The “Arab Spring” revolutions combined two sides: seeking freedom and toppling the authoritarian regime on one side, and the liberation of civil, sectarian, religious and ethnic contradictions from the grip of that same regime on another side. It seemed, and still seems, that the second side is the outrageous cost that the first one will have to endure.
In this context, we may say that Iraq instigated the “Arab Spring”: back then, it toppled the dictatorship and freedom was attained in 2003, when it overthrew Saddam. In 2006, the sectarian conflict broke out in Iraq without reaching the level of a civil war.
U.S. and Iraq
Discussing the U.S. role in changing Iraq will contribute in nothing but a demagogy: the change from the inside will not modify anything in the sectarian conflict, and the change without any external interference in other Arab countries, will not prevent the explosion of that sectarian conflict. We can probably say that the former U.S. role in Iraq has worked on slowing down and alleviating the mentioned conflicts; this was the biggest reason behind being cautious and afraid from the U.S. withdrawal from Iraq.
Where would the current Iraqi explosion that is renewed at a high pace, be classified in comparison with the “Arab Spring” convergence between the freedom of the “people” and their liberation from their internal conflict?
In 2003, the Iraqi change displaced the Sunni figures in power and handed it to Shiite persons. This process has been accomplished through the completion of the U.S. withdrawal, which was accompanied by the expansion of the Iranian influence in Iraq. Thus, Iraq was considered as a late reward for the “Shiite Revolution” which was launched with the rule of Hafez al-Assad and topped by the Iranian revolution in 1979; since 1982, it has had “Hezbollah” as one of its most prominent regional outcomes.
However, the delay of the award for more than 30 years has made it coincide with the “Sunni uprising”. Given the great similarity between Syria and Iraq, it was normal for the outbreak of the Syrian revolution to leave a clear impact on the Sunnis of Iraq, lifting their moods and encouraging them to face the unacceptable “rule of Shiites”.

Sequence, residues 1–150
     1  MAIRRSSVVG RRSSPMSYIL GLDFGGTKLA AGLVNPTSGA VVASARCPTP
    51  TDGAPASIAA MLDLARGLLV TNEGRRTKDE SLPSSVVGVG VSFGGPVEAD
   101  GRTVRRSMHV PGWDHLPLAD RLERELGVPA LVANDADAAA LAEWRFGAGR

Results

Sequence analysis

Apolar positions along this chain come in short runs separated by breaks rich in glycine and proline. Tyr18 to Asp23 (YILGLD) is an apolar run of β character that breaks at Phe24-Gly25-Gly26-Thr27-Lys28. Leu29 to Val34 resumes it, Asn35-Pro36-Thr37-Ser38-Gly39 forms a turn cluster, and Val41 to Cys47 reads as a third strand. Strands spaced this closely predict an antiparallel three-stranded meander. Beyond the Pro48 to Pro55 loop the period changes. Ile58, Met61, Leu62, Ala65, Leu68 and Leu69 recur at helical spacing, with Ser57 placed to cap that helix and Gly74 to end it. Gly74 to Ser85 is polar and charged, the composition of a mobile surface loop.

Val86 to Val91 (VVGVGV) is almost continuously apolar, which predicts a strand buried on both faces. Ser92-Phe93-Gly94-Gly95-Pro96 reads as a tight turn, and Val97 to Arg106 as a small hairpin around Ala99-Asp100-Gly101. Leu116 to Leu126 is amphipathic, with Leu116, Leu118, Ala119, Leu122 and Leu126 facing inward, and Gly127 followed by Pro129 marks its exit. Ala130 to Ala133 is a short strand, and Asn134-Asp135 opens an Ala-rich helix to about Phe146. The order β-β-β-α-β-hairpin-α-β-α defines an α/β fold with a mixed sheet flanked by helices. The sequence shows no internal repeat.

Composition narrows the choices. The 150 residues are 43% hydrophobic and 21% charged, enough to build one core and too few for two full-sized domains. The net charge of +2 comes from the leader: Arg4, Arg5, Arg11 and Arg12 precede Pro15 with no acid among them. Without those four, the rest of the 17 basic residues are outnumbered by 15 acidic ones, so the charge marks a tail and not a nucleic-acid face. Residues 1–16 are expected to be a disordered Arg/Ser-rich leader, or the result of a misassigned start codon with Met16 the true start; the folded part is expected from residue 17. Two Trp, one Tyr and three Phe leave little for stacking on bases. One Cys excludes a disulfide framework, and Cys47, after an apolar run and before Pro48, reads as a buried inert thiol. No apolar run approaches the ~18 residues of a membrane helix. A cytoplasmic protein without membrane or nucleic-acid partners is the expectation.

Today’s Iraqi conflict seems to be explicit, clear, and crude; it has a modern ideological cover that has fewer problems than any other conflict in the “Arab Spring” countries: they call a spade a spade here. Such clarity, though through much less bloodshed, draws the Arab-Kurdish conflict, where the “tomorrow there will be co-existence” is a lie that is infrequent, even for the most mystified among both sides’ ideologies.
However, the synchronization between the submission of the Shiite revolution reward and the Sunni Revolution throughout the region, has made Iraq a very sensitive and very dangerous region; it is difficult for one place to embrace two opposing loud parties at one time. If the blast that took off from Anbar expanded, it would have surely cost many lives and other things too. It is worth recalling that the Sunni-Shiite conflict in Mesopotamia, is close to the Iraqi Kurdistan in the north, near the growing Syrian upheaval, and not far from the fertile and conflicting preparations of Iran, Turkey and the Gulf at one time.
The worst is that the Iraqi political Shiites are trying today to sacrifice themselves for a non-Iraqi project, although it is based on a confessional partnership confessional with the Iraqi Shiites; Moreover, the Iraqi political Sunnis, who are obsessed with the restoration of the past, may introduce to the “Arab Spring” a huge deal of reactionary and bygone ideas.
*This article was published in Dar al Hayat newspaper on Jan. 19, 2013.
Lebanese journalist Hazem Saghieh is a senior columnist and editor at al-Hayat daily. He grew up in Lebanon during the golden age of pan-Arabism. Saghieh’s vision of a united Arab world was shattered when the Israelis emerged victorious from the 1967 war. Twitter: @HazemSaghieh